I think the most common misconception is thinking about self-love as one thing. The concept of self-love has never come easy to me. I find myself confusing self-love and “treat yourself” more often than I’d like to admit. Bad day? I stop by my favorite store (sometimes for me it’s a Whole Foods trip) and splurge a little (or a lot). Grab sushi plus a bottle of cabernet for dinner - we’ve all been there. Treat yourself too often and end up with a bank account that makes you second guess your ability to pay for a pack of gum at the deli across the street...

Sometimes I think of self-love as pampering myself. There’s something so comforting about lighting some candles, putting on a face mask, getting in the bubble bath and reading a book or watching my favorite show on Netflix. I feel empowered when I wake up with my first alarm, go for a run or do some yoga and still have time to make a matcha latte before work. I feel accomplished when I can avoid the couch long enough to cook a delicious dinner for myself after a long day of work.

I’m starting to realize that there is another side of self-love that is equally (if not more) important and definitely more challenging.

Self-love is certainly about being kind to yourself, but it’s also giving yourself tough love when you need it. Whenever things get challenging I immediately attempt to coddle myself, which is not always what’s best for me. I have a tendency to withdraw socially, and it’s something I’m still continuing to work through. When things get stressful, my natural inclination is to internalize and make less plans with friends. I’m not saying that introverting is not important, especially as an only child I do value my alone time but I’ve found that whether I’m going through a break-up or miserable at my job, I’m much happier when I avoid the temptation to become one with the couch cushions, having to endlessly tell Netflix, “yes, I’m STILL watching” and go to that happy hour or have dinner with my best friend instead.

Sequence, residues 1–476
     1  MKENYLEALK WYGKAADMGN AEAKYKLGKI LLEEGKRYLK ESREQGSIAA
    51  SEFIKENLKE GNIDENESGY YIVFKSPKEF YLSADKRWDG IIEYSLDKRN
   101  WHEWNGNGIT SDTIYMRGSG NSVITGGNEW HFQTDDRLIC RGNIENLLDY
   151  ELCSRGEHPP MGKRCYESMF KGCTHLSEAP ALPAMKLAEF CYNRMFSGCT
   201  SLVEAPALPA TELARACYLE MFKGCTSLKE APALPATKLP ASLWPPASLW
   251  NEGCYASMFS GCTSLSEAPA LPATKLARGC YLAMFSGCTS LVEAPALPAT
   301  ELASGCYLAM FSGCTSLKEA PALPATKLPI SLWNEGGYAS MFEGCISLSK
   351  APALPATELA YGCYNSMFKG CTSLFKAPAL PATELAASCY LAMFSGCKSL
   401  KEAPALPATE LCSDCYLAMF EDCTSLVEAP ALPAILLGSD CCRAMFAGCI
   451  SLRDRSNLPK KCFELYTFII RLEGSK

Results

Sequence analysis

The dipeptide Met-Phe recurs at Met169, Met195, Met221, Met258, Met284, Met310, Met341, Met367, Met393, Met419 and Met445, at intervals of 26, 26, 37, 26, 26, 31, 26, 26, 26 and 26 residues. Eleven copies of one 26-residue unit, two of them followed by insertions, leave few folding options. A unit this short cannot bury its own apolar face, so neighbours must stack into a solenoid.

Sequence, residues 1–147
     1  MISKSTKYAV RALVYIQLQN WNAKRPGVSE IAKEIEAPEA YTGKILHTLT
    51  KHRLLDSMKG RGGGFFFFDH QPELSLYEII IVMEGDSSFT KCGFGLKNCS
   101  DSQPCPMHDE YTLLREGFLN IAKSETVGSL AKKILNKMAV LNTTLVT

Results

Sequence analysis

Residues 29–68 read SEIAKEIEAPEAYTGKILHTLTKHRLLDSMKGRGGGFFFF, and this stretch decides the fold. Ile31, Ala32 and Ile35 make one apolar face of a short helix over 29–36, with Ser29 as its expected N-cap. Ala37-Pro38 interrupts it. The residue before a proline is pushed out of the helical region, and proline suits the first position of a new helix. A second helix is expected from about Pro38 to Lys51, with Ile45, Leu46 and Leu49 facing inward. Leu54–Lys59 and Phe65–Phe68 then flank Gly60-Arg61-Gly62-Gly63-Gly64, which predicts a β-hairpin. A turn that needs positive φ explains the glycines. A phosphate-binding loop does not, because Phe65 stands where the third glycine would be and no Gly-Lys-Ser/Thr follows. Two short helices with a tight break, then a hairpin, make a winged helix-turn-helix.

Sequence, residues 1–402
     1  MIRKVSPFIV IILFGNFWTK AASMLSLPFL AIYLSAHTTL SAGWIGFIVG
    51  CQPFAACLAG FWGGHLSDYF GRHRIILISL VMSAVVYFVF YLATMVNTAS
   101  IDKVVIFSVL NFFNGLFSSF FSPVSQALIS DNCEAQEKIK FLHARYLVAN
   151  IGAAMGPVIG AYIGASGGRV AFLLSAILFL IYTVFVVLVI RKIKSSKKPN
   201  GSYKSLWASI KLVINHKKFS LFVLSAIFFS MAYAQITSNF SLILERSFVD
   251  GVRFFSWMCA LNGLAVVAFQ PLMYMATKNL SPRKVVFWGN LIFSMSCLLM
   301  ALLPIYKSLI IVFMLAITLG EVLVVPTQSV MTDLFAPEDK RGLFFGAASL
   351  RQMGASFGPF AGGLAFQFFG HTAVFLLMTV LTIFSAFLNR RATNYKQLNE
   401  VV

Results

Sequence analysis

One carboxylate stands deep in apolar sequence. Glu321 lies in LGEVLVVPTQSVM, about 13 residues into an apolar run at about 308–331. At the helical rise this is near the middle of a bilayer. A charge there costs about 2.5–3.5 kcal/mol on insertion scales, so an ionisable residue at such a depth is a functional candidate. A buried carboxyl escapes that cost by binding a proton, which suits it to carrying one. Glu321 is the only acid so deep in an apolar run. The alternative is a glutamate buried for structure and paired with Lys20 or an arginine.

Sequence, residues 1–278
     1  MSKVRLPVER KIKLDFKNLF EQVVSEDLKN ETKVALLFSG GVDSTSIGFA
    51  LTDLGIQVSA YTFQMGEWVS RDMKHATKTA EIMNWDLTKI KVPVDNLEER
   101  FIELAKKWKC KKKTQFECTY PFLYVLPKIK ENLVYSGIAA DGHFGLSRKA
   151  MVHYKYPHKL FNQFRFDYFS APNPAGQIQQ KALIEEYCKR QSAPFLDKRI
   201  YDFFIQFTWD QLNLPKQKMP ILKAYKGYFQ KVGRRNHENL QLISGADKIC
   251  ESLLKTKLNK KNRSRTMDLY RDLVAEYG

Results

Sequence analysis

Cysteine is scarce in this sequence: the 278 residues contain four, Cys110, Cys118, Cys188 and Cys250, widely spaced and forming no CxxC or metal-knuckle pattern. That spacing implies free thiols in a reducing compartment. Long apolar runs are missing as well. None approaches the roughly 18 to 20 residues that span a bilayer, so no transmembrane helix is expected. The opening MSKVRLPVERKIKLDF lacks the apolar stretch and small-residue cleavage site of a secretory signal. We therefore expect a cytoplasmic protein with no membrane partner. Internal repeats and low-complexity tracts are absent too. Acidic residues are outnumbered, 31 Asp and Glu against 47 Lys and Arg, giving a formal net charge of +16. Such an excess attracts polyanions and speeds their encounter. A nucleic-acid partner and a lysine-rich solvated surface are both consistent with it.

Self-love is picking yourself up, dusting yourself off, putting on a cute outfit and surrounding yourself with people who love you back.

Throughout the past few months, I’ve found myself in a state of change, which has been causing me to feel discomfort, fear, sadness, and anxiety. Whenever I face these types of emotions I look to grasp on to a source of comfort. Sometimes that’s a hug from mom. Sometimes I find myself holding on to things that are “comfortable” but no longer adding value to my life, which can be detrimental to my future.

I was in a yoga class trying to accomplish “crow pose.” Sensing my frustration, the teacher instructed me to bring my gaze forward. At first, I told her I was scared to look forward because it made me feel like I was going to fall. She explained that:  (1) it was okay if I fell because falling doesn’t mean failing; and (2) if I did decide to look forward I would immediately feel more balanced in the position.

UHM HELLO why do I not follow this advice in my everyday life?! Here I am looking backward at things that are never going to change. They failed me once, if I have love and respect for myself why the hell would I allow them to fail me again.

Self-love is actively living your life. It’s looking forward into the future making the decisions that are best for you. Self-love is not holding on to the past and hoping someone or something will change in the future. It’s not all bath bombs, face masks, and matcha lattes. Self-love is knowing you can do better. It’s listening to what your body needs. It’s standing up for what you believe in. It’s knowing your value and when to put your foot down. It’s NOT backsliding. It’s holding yourself accountable to let that shit go and move forward into the future.